Cathy Ross, leader of Pioneer Mission Leadership Training in Oxford, introduces a new book on the church in mission that she has co-edited and finds words for our times.
Bearing Witness in Hope, Christian Engagement in Challenging Times, (eds) Cathy Ross and Humphrey Southern (London: SCM, 2020)
These are strange times we live in dominated by COVID-19 – a set of initials that has the potential to strike fear into many people’s hearts and minds. Before Christmas, we were hardly even aware of it. Now we live in a world overwhelmed by this virus as we constantly check our phones to see the latest updates and Government announcements. How unexpected that an invisible piece of genetic material has this lethal potential and could undermine the world as we know it. Travel is suspended, educational institutions are closed, events are postponed or cancelled, jobs are lost, incomes drop and social distancing becomes the norm.
Suddenly we are faced with the reality of our own mortality, the inability to control the universe, and an uncertain future. Therefore, to be able to bear witness in hope is imperative in times like these and it is heart warming to see churches take their responsibility seriously. It is good that churches are collecting contact details of the elderly and vulnerable, so that they can be contacted if necessary. Church members are also organising meals and shopping for others as well as trying to ensure that those who may already be isolated do not suffer even greater isolation by the recommended social distancing and self-isolation.
This book was written before COVID-19 but does reflect on some of the issues that this virus has alerted us to. The book emerged out of two conferences at Ripon College Cuddesdon that considered the current situation the Church of England faces in society and argues that a faithful, creative and hopeful witness and presence is needed more than ever.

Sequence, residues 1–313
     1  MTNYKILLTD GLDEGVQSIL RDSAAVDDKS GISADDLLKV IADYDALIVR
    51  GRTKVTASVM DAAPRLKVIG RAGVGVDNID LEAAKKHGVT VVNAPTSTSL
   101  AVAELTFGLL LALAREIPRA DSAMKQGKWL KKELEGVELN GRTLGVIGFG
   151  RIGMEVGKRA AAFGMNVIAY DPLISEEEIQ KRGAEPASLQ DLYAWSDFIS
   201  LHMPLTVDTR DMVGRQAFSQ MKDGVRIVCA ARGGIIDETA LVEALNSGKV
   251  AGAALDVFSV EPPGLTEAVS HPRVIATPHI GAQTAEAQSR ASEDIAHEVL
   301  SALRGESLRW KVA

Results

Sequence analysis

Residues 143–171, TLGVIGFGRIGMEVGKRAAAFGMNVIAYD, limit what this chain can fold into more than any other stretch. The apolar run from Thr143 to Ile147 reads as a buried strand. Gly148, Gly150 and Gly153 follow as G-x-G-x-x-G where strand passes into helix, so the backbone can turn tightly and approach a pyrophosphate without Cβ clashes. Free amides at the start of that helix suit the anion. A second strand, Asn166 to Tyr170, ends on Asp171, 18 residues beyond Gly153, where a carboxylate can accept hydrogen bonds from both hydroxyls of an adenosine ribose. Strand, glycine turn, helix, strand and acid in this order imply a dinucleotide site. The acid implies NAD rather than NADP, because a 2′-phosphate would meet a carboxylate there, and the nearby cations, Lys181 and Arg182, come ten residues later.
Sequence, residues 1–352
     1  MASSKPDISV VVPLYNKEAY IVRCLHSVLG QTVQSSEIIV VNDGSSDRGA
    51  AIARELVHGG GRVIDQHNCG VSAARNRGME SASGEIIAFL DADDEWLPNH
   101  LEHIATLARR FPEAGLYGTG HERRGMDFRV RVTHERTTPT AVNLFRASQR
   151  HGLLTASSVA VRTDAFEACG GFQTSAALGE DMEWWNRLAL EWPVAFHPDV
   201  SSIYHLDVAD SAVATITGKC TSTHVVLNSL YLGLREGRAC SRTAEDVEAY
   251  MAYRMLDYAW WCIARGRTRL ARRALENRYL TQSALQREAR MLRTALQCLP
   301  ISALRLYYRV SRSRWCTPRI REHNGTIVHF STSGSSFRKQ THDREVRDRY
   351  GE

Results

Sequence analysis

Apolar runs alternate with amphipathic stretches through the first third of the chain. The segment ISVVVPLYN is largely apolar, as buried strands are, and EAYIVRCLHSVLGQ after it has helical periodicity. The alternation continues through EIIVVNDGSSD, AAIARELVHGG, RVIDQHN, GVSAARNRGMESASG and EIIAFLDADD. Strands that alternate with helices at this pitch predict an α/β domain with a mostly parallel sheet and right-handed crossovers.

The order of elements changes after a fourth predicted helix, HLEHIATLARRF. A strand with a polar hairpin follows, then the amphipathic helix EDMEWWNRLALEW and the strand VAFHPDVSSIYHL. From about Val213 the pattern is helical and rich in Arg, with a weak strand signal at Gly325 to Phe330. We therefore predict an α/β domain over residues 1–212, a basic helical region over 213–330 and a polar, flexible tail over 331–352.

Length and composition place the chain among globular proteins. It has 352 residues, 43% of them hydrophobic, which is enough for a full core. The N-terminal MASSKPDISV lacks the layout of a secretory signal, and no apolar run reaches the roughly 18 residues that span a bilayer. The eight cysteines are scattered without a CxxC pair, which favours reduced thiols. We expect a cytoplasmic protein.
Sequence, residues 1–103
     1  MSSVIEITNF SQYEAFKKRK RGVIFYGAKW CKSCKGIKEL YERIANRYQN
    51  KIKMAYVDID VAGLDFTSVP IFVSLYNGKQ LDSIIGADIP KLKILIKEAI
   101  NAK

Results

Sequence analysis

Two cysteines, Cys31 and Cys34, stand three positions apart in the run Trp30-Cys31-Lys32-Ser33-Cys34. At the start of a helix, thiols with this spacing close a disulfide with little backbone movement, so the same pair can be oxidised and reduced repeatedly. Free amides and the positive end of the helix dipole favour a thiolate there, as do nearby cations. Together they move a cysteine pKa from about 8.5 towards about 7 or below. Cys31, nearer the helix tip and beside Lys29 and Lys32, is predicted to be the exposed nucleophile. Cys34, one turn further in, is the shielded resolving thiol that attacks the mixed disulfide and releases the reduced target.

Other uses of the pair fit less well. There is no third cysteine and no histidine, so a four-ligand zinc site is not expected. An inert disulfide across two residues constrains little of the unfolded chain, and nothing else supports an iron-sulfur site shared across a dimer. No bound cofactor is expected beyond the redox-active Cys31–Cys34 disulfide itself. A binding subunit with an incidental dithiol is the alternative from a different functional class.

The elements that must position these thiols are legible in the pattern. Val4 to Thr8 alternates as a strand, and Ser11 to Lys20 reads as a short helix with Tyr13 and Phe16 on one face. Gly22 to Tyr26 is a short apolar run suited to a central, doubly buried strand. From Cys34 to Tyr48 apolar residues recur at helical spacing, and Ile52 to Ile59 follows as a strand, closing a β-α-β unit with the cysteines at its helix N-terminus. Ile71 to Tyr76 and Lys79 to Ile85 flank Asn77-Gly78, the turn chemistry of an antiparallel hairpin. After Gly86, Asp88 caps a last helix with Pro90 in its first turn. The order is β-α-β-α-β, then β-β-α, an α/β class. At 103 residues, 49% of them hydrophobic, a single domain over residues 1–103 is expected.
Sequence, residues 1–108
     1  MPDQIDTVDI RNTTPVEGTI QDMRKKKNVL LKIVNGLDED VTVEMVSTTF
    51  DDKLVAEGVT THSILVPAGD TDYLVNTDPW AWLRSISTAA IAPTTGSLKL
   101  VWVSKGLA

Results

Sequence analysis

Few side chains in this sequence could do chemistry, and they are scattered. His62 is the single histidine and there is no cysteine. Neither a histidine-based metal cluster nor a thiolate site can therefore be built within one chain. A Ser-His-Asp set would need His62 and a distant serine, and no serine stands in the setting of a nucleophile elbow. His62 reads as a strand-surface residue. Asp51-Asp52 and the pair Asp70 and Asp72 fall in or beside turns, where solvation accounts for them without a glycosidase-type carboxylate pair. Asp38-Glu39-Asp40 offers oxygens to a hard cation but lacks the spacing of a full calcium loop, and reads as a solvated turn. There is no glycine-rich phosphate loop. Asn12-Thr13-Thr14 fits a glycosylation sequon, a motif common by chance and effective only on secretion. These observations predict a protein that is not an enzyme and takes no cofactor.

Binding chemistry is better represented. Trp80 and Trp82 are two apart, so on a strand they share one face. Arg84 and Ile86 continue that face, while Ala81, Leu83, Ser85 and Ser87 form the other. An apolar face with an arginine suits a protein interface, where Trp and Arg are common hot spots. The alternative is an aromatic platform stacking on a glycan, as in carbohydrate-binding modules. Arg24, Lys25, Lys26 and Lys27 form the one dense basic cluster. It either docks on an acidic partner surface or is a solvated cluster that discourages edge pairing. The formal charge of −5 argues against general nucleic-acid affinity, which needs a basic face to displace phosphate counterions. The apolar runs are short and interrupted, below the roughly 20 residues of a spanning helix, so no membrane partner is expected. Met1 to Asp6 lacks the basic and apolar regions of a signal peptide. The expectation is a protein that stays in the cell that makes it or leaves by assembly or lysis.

The chapters which discuss the Grenfell Tower and the Hillsborough disasters reflect on not only the role and place of the church in moments of civic crisis but also the potential for attentive listening, humble service and hopeful witness.
Carlton Turner confronts us with the reality of the BAME experience in the CofE by naming exclusion and rejection as the common experience of BAME persons within the CofE. How can we be hopeful witnesses in the context of white privilege and institutional racism?
Bishop Martyn Snow reminds us of the vital importance of the translation principle and the great challenge of translating our faith into the language and forms of this culture. This requires both creativity and resilience and both these are developed in chapters by me and Justine Allain-Chapman. I argue that we need to live into a new story and that we need to become unstuck which requires creativity curiosity, imagination and risk. I frame the chapter around seven behaviours from art and design schools to develop this. Justine explains what resilience is and how to develop it in a time of crisis, drawing on desert wisdom.
Susie Snyder, provoked by the devastating fire at Notre Dame, leads us through an Easter pilgrimage which takes us to the margins and exhorts us to discover and practise hope by making a habit of it. She encourages us to see hope as a verb rather than a noun; hope is dynamic and living. These are words for our time where we are being encouraged or even required to self-isolate but hope exhorts us to look outwards, to be mindful of the other and to practise compassion and concern.
Richard Bauckham sets the scene biblically by reminding us that we belong to God and Alister McGrath, while reflecting on our ever-changing landscape, calls us to be hopeful for the future precisely because we belong to God. Vignettes of what this might look like are scattered throughout the book with some lovely stories of the big free jubilee lunch, the story of the winter night shelter, how to listen for God in community and a bishop’s vision for a diocese.
This book has been four years in the making, but as is so often the way in the mystery of time, the title and content of this book seem more pertinent than ever. I hope that as you dive into some of the conversations here, you will be encouraged to bear witness in hope, in these challenging times of COVID-19, certain that God is with us even while all around us both locally and globally, uncertainty and change seem to be on the agenda for the foreseeable future.